Exploring winter traditions globally and at home
Gain knowledge and awareness by exploring the story, meaning, “how” and “why” of certain winter traditions.
Does your family do a special winter time tradition? Do you cut, put up and decorate a pine tree? Do you hang stockings by the fireplace? Do you hide a pickle ornament deep in the branches of your Christmas tree? Is the hiding of the ornament a German tradition or a new tradition that has been borrowed from two or more cultures? Have you ever wondered where these traditions or others came from? Individuals can gain knowledge and awareness by exploring winter traditions across the globe and at home. The story, meaning, “how” and “why” of certain winter traditions can be very educational for youth, working to broaden their perspectives.
The shortest day of the year that occurs around December 21 is called the “Winter Solstice” and people all over the world participate in festivals and celebrations on this day. Long ago, for example, people celebrated by lighting bonfires and candles to coax back the sun. In the United States, Christmas celebrates the birth of Jesus Christ and it also brings together many customs from other countries and cultures. Hanukkah is a holiday honoring the Maccabees victory over King Antiochus, who forbid the Jews to practice their religion. To commemorate African heritage, Kwanzaa is celebrated on December 26. The Chinese New Year (Spring Festival) is an important social and economic traditional Chinese holiday. Youth will find it interesting to research this holiday tied to the lunar-solar Chinese calendar and its importance. Furthermore, youth may want to explore the evolution of the Spring Festival.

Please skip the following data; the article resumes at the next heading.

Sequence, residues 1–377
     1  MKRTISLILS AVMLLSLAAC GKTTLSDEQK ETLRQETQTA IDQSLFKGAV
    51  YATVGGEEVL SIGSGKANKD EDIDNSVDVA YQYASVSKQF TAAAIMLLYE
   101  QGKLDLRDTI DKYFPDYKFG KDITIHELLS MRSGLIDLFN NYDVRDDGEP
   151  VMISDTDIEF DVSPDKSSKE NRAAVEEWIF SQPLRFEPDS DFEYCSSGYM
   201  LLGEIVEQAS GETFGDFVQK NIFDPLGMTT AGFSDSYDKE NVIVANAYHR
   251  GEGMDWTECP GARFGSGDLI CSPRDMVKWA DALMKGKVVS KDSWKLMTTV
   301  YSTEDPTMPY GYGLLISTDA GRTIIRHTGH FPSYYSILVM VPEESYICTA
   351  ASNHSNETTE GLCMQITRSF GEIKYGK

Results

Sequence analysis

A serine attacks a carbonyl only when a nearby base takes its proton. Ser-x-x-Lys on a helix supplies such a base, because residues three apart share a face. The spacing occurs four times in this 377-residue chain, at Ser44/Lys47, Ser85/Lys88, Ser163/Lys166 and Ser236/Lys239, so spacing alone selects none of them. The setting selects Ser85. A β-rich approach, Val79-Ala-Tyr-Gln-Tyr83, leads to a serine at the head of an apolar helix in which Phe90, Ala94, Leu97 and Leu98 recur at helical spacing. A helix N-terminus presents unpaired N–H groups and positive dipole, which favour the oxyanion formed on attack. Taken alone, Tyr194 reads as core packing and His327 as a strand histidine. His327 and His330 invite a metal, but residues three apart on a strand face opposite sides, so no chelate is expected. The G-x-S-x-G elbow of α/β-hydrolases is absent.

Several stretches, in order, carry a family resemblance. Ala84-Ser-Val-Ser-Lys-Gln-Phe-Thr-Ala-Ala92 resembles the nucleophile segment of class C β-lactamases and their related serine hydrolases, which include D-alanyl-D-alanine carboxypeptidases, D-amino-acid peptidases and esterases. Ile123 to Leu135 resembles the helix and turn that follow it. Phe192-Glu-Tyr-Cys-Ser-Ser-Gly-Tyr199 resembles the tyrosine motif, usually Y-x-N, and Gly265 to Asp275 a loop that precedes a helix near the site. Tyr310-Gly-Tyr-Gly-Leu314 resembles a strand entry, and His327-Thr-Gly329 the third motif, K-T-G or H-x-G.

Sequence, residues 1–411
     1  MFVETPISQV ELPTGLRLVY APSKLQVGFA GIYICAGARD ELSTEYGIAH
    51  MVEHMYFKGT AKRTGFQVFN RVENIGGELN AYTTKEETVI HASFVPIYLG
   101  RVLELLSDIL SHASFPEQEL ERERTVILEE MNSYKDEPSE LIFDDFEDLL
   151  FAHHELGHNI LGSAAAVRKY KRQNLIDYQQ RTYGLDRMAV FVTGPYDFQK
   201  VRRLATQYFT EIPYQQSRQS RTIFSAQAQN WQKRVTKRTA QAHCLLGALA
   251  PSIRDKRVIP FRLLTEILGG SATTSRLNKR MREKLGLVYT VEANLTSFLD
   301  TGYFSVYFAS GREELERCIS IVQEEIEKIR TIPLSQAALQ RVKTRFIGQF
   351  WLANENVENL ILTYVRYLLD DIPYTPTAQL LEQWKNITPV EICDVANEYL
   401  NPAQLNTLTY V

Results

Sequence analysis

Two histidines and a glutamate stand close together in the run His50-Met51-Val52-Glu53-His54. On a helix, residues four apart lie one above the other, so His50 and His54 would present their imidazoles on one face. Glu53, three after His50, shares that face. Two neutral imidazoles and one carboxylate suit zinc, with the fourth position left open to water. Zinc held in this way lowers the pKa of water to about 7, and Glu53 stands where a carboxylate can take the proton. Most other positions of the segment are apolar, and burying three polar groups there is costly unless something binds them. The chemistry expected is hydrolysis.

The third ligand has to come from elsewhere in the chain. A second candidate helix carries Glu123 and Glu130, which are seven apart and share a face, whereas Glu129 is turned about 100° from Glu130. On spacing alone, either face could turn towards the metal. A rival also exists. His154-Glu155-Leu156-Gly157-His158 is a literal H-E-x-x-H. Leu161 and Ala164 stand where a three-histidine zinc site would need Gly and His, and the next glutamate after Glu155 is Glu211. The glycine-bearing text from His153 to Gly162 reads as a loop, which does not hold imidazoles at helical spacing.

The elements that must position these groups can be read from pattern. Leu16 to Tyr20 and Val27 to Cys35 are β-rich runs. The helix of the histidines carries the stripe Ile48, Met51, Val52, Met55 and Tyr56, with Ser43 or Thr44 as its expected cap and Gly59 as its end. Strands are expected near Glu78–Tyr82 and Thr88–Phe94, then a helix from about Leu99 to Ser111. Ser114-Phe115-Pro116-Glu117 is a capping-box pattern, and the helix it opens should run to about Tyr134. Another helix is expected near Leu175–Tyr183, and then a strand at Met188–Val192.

Researching winter celebrations or traditions and the history of them may provide an informative look into one’s own personal heritage or that of others. If finding a trusted resource is a challenge, explore your own community for people that continue traditional customs from their heritage. A study by Illinois State University’s Lisa A. Schuck and Jayne E. Bucy shows that rituals provide family with a sense of stability, identity and a means for socialization. From the knowledge gained through talking about winter traditions, youth may form their own new family traditions or rituals to pass on from generation to generation.